Tipu’s body, recovered from where it lay near the Hoally Gateway of the fort, was buried beside his parents in the Gumbaz (mausoleum) which he had built for them. A majestic structure, built in the Persian style with an elevated platform supported by black granite pillars, it is surrounded by landscaped gardens.

Tipu’s body was found near the Hoally Gateway of the fort at Srirangapatna
Tipu’s Gumbaz (Mausoleum) at Srirangapatna

Tipu’s wife and sisters did not quite merit admission to the Gumbaz but are buried in the gardens.

Tipu’s Wife
One of Tipu’s sisters

No One Does Death Like The Habsburgs Do Death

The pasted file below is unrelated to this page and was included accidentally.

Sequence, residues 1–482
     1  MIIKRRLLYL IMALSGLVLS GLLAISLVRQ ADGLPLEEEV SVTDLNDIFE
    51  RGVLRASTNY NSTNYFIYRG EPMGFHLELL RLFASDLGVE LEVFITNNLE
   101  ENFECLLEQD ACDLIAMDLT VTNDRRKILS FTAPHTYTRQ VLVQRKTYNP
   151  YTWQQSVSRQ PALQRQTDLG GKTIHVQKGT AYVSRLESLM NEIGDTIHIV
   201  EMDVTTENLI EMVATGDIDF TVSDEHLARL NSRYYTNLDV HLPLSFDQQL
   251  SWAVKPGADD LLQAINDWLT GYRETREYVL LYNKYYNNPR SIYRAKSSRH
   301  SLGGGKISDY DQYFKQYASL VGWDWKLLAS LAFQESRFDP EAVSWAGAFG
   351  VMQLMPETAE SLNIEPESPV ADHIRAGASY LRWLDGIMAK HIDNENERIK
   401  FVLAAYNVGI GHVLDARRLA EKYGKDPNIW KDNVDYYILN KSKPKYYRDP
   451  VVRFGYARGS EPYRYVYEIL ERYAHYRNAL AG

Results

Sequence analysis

From an obscure castle in Switzerland in the eleventh century the Habsburg tentacles reached out across Europe and across the centuries perpetually grasping more territories. By dint of war, election, inheritance, skilful politicking, but most of all through judicious marriage, and  shored up by  the almost continuous presence of a member of the House of Habsburg as Holy Roman Emperor from 1438-1806, they expanded their holdings. In 1272 the Germans elected Rudolf I as their king, and his sons became Dukes of Austria in battle. In the fifteenth century Maximilian I acquired the Netherlands through marriage to Mary of Burgundy. A particularly auspicious marriage with Joanna of Castile, combined with his sister’s marriage to Joanna’s brother, enabled Philip I to claim Spain and its colonies for his son Charles V. Under the latter Habsburg power reached its apogee in the sixteenth century. In 1521 Charles’s brother Ferdinand had married Anna, the daughter of Vladislav II , King of Bohemia and Hungary, and his sister Mary had married Vladimir’s son Louis II. The marriage contract had stipulated that Ferdinand would succeed to the Hungarian and Bohemian lands if Louis died leaving no legitimate male heir. When Louis died at the Battle of Mohacs in 1526 the territories duly passed to Habsburg rule.